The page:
Kalikow to Beninati: “You’ve f*cked with the wrong person”

Gamma Real Estate chief dishes on 3 Sutton Place and dealing with his debtor, Joseph Beninati

TRD New York /
Sep.September 27, 2017 02:38 PM

Joseph Beninati and Jonathan Kalikow

Civilized nations are expected to adhere to the “principle of proportionality” when they engage other nations in war.

But when it comes to Gamma Real Estate’s Jonathan Kalikow and his debtor Joseph Beninati, the fallen developer of 3 Sutton Place, the code of war be damned.

“I believe in disproportionate retaliation,” the Kalikow scion told Commercial Observer. “Like ‘Count of Monte Cristo,’ but to the 10th power. As in, now you’ve fucked with the wrong person.”

Beninati and the partners of Bauhouse Group owe Gamma millions following its foreclosure at 3 Sutton Place, where Gamma was the developer’s principal lender, providing $147 million in financing.

Before defaulting on its loans and later losing control of the development, Beninati fought hard against the eventual foreclosure sale in which Gamma took control of the site in December. He attempted to declare bankruptcy and brought a 26-count lawsuit against Gamma, claiming its lending practices were atypical and breached contract. All but one of the counts were later dropped.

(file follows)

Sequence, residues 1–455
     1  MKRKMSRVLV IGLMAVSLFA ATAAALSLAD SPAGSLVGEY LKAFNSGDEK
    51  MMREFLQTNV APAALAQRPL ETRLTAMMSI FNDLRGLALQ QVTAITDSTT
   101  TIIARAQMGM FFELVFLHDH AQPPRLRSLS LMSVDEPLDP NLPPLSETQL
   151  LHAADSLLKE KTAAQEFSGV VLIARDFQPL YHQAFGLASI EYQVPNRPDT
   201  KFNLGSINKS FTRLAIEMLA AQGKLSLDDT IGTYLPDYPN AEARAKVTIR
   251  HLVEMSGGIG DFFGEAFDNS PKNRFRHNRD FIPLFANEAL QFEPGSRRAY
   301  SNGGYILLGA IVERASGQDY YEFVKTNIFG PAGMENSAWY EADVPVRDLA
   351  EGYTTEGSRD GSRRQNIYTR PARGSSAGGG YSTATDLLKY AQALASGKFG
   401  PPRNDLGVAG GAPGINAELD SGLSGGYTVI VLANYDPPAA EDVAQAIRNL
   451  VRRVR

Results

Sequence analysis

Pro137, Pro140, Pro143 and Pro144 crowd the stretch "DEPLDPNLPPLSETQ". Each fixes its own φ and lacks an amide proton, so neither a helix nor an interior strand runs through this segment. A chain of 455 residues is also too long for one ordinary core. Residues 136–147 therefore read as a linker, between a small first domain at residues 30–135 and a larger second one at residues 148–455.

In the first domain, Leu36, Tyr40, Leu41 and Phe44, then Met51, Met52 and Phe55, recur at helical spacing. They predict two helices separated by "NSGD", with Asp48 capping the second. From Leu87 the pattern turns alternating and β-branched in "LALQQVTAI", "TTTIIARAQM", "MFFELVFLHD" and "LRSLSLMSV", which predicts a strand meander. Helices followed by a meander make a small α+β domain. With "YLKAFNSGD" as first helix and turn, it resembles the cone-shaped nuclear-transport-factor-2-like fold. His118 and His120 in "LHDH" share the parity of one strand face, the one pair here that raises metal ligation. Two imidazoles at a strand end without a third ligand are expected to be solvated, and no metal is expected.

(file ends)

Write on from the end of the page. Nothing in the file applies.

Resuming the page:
In the interview with CO, Kalikow claimed to have known was something off about Beninati early on. But he said he saw enough value in the project to keep up the relationship (though he denied that it was a “loan to own” situation).

“Some of the ridiculous things he was asking for led us to believe that he would never find a partner,” Kalikow said, mentioning Beninati’s request that the cash basis in the partnership be reworked so as to win him a $50 million windfall, a request that could only be realized if Beninati agreed to sell the site to Gamma, Kalikow said. Beninati, set on being the developer, refused.

“It was very clear that the money was not nearly as important to him as his name in lights,” Kalikow said. Beninati did not respond to CO’s requests for comment.

The saga is a long and tortured one, and despite significant community opposition to the East Side skyscraper—and dragging litigation with former partners—Kalikow is moving forward. “We’re prepared to build it,” he said. [CO] — Will Parker

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